What is it about?
In the last past years, Online Social Networks have shifted the traditional paradigm of human interactions and communication into a digital representation of their relationships and daily activities. Ranging from blogging services to social communities, multimedia sharing, and virtual worlds, the demand on such online services grows continually. They supply services to a broad range of users of all ages, various social backgrounds, and users with limited technical skills. This article presents a quantitative comparison of 24 online social networks based on different criteria (architecture, storage, security, encryption, ...) to understand the functioning of social networks, the privacy issues they have, and to understand the different techniques used to protect the privacy.
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Why is it important?
This article not only compares between 24 systems but it reviews different topics related to privacy and social networks: privacy violations and their mitigation techniques and approaches, existing information privacy laws and regulations, privacy principles, mitigation approaches to protect privacy,
Read the Original
This page is a summary of: Privacy Analysis on Microblogging Online Social Networks, ACM Computing Surveys, July 2019, ACM (Association for Computing Machinery), DOI: 10.1145/3321481.
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IPAM: Information Privacy Assessment Metric in Microblogging Online Social Networks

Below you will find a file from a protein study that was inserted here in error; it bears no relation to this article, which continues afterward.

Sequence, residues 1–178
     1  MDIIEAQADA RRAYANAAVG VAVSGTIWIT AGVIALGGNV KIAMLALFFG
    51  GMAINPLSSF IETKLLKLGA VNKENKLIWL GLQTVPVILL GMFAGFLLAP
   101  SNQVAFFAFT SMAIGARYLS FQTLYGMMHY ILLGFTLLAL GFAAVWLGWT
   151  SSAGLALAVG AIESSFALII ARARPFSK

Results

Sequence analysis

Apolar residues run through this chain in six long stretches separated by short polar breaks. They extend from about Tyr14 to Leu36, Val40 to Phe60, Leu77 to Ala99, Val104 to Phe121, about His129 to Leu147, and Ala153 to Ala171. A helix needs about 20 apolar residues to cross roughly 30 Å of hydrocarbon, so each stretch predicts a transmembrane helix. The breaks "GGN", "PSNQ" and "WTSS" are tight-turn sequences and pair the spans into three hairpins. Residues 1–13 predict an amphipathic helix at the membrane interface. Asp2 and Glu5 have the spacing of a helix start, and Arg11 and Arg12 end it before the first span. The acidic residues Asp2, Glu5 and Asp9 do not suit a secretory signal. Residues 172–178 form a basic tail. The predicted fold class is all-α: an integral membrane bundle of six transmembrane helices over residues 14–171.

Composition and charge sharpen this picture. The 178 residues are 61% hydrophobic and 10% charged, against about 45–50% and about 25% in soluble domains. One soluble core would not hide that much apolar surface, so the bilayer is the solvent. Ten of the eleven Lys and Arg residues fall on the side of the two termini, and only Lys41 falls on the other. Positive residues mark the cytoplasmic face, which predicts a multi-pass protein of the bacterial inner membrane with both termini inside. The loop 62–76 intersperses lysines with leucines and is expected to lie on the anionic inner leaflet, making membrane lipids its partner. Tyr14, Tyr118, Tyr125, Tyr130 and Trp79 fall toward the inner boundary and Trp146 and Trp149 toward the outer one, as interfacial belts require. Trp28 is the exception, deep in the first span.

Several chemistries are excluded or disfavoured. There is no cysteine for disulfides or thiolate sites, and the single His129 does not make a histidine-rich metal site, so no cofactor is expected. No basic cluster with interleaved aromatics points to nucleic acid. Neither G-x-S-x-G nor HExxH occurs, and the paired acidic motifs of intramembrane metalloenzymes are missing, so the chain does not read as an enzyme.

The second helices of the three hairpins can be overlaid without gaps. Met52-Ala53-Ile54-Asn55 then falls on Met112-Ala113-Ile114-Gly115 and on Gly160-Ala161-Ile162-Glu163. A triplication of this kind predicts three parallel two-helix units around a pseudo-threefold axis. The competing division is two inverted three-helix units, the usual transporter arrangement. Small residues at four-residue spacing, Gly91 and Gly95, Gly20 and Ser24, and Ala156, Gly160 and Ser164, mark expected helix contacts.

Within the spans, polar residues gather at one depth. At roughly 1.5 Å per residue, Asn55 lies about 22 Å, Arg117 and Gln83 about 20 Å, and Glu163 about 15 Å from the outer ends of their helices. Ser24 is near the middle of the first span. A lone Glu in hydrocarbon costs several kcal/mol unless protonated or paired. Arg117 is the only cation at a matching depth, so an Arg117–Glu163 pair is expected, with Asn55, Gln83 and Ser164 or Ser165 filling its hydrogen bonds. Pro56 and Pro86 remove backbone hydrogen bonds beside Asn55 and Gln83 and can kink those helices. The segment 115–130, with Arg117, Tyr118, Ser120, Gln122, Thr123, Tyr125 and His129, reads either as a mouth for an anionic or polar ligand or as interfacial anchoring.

A large amount of sensitive data is transferred, stored, processed, and analyzed daily in Online Social Networks (OSNs). Thus, an effective and efficient evaluation of the privacy level provided in such services is necessary to meet user expectations and comply with the requirement of the applicable laws and regulations. Several prior works have proposed mechanisms for evaluating and calculating privacy scores in OSNs. However, current models are system-specific and assess privacy only from the user’s perspective. There is still a lack of a universal model that can quantify the level of privacy and compare between different systems. In this paper, we propose a generic framework to (i) guide the development of privacy metrics and (ii) to measure and assess the privacy level of OSNs, more specifically microblogging systems. The present study develops an algorithmic model to compute privacy scores based on the impact of privacy and security requirements, accessibility, and difficulty of information extraction. The proposed framework aims to provide users as well as system providers with a measure of how much the investigated system is protecting privacy. It allows also comparing the privacy protection level between different systems. The privacy score framework has been tested using real microblogging social networks and the results show the potential of the proposed privacy scoring framework.
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